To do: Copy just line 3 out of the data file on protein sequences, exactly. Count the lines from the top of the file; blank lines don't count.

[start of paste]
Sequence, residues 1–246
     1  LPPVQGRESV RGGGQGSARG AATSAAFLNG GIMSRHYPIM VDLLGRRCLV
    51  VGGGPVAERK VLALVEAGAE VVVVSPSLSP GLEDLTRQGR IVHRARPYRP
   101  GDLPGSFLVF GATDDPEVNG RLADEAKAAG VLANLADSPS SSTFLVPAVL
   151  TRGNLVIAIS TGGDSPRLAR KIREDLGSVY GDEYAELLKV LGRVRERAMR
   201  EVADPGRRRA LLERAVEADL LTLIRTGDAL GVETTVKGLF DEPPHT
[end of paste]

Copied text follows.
    51  VGGGPVAERK VLALVEAGAE VVVVSPSLSP GLEDLTRQGR IVHRARPYRP